We studied hospital discharges from 1995 through 2009 and found that blacks in every age and sex subgroup had significantly higher rates of hospitalization for CHF than did whites. For both women and men, the ratio of the rates for blacks compared to the rates for whites was highest in the youngest age group (~6.5) and lowest in the oldest age groups (~1.5). Our results generally confirm recent findings (11
) demonstrating a significant declining linear trend in CHF hospitalizations for people aged 65 or older. However, we did not find that black men in this age group experienced these same declining rates. In fact, we found a significant increasing linear trend for black men aged 18 to 44.
Other investigators have reported racial differences in preventable CHF hospitalizations. Using hospital data from 1991 through 1998 in California for people aged 20 to 64, Davis and colleagues found that non-Hispanic black men and women had unadjusted rates that were 4.1 and 5.5 times higher, respectively, than those for their non-Hispanic white counterparts (18
). Using 1997 data from 22 states, Laditka and others studied a similarly aged population of non-Hispanics and found that black men were 3.4 times as likely to be hospitalized for CHF as white men, and black women were 6.5 times as likely to be hospitalized as white women (19
). In 2003, Russo et al studied hospitalizations for people aged 18 or older from 23 states and found that age- and sex-adjusted rates for non-Hispanic black men and women combined were 2.5 times higher than those for non-Hispanic white men and women (20
). Using Medicare data from Maryland in 2006, O'Neill and colleagues (21
) found that adjusted rates for blacks were 60% higher than for whites. Using the 1995 through 2004 NHDS but with a different case definition than in our study, Zhang and Watanabe-Galloway found that blacks aged 65 or older had higher CHF hospitalization rates than did whites (12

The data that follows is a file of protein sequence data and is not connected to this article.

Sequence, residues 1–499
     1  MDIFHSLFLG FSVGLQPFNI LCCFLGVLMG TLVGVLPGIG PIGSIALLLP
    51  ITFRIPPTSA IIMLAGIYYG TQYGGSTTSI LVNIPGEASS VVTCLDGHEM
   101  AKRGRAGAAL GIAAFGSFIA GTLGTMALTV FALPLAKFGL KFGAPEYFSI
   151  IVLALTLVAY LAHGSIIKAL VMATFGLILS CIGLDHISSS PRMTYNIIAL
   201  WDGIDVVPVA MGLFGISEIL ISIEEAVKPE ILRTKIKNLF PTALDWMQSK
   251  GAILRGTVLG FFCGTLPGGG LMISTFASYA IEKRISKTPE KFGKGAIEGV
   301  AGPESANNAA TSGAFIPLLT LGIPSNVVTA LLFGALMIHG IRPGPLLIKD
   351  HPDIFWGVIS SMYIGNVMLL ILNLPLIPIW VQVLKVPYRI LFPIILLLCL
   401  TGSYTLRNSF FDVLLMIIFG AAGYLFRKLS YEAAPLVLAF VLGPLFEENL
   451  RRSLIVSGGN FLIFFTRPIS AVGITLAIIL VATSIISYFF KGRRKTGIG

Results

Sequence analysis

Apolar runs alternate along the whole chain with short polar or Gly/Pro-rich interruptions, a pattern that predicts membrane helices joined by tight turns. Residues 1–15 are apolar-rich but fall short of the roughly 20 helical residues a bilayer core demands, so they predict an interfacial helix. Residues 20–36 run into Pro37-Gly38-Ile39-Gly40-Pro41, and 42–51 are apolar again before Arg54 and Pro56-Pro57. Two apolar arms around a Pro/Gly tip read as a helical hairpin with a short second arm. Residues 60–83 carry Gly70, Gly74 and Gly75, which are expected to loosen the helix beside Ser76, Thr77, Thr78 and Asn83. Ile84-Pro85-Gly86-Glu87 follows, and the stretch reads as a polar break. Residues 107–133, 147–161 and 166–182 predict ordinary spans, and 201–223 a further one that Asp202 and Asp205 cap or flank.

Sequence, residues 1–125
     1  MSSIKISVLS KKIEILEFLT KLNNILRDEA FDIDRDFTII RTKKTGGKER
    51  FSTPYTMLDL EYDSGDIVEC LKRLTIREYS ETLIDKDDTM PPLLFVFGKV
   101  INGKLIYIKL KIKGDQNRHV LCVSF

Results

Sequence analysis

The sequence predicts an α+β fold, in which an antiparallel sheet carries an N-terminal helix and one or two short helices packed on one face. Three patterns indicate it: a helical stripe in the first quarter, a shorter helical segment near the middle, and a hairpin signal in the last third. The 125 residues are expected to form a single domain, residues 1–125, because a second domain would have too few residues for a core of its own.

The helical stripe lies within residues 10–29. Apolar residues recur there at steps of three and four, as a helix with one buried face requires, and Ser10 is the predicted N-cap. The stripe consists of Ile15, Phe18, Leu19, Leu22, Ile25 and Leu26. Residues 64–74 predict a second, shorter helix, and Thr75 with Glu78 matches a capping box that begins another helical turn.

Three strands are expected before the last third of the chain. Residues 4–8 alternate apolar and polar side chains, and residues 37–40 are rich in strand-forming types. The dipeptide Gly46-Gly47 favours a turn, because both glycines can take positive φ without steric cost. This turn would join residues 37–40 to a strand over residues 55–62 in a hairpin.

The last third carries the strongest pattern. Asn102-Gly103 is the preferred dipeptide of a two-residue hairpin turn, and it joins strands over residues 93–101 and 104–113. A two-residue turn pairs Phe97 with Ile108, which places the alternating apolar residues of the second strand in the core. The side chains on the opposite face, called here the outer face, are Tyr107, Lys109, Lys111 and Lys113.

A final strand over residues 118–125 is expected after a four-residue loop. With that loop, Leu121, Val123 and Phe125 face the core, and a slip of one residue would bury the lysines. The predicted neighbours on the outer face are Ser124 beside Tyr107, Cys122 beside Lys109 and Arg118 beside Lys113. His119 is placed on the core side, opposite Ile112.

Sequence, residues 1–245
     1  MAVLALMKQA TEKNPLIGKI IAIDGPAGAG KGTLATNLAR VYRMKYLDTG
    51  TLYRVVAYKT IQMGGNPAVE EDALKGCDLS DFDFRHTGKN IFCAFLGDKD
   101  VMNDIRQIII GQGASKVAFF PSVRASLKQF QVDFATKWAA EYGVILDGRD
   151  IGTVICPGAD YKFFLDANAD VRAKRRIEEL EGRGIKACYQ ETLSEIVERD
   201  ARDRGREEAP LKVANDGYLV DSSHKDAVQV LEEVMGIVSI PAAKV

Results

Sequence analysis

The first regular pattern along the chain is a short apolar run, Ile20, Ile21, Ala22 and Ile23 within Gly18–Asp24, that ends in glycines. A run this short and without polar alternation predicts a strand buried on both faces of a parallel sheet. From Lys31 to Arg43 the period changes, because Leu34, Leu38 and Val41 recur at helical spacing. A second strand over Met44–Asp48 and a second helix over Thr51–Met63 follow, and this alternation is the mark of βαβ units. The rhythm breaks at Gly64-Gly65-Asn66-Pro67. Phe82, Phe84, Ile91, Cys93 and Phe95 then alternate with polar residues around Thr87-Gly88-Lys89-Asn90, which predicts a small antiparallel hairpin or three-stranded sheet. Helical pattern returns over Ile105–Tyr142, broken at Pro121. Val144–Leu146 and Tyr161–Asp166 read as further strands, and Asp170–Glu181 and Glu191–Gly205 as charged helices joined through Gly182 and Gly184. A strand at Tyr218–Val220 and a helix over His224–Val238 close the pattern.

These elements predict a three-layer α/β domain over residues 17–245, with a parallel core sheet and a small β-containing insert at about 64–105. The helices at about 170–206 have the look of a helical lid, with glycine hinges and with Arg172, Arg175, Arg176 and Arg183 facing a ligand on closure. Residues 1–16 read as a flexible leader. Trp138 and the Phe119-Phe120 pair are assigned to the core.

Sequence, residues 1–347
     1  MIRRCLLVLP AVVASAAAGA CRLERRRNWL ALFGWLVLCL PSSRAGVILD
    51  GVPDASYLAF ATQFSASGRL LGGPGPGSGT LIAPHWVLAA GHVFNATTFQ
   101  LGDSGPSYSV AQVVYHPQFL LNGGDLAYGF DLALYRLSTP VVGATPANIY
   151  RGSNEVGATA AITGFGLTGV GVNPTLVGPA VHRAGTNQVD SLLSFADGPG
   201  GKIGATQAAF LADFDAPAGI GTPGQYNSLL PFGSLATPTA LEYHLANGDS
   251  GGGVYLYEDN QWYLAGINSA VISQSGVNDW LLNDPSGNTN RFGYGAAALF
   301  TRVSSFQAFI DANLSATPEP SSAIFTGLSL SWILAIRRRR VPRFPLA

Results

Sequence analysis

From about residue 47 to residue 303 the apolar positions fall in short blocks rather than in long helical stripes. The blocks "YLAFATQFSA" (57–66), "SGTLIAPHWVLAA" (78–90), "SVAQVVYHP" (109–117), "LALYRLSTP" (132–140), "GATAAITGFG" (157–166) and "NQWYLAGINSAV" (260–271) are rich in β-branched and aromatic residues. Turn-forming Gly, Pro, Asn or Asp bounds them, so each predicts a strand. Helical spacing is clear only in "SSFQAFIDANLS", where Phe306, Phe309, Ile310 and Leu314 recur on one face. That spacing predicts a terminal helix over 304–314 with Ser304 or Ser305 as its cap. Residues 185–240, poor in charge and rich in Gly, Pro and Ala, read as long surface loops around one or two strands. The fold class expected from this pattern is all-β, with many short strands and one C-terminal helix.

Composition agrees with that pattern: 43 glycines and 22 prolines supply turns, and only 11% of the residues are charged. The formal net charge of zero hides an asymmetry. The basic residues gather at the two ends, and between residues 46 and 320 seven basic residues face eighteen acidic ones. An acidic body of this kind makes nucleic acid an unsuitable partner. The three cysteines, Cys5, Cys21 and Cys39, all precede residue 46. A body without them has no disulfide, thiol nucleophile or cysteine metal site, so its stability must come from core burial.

Among adults aged 45 to 84, blacks have approximately twice the incidence of CHF as whites (22
), and blacks with CHF may have more comorbidities such as uncontrolled high blood pressure (23
). This higher incidence and comorbidities may be reflected in the higher hospitalization rates among blacks (24
). Furthermore, blacks, when affected by heart failure, experience a unique epidemiology and natural history (ie, disease occurring at an earlier age resulting in more substantial left ventricular dysfunction), which also may contribute to these increased rates (25
). The cost of medications and type of insurance may create barriers to appropriate care, for example, by leading to the underuse of dietary and medication therapies (26
). Blacks are less likely than whites to receive medical care such as appropriate diagnostic procedures, thrombolytic therapy, and revascularization procedures for acute coronary syndrome (29
), and these delays in receiving quality care could help explain the higher hospitalization rates for blacks.
Our study contributes to the literature in the following ways: 1) we confirm a declining linear trend in CHF hospitalizations in much of the older population using data from hospitals sampled throughout the 50 states and the District of Columbia, 2) we provide national age- and sex-specific rates for multiple periods, thus establishing a baseline for future monitoring of health disparities, 3) we provide confidence intervals (calculated appropriately from a confidential database that includes design variables) showing the degree of certainty or uncertainty of point estimates and allowing judgments about the significance of differences between subpopulations, and 4) our results cover all adults and extend through 2009.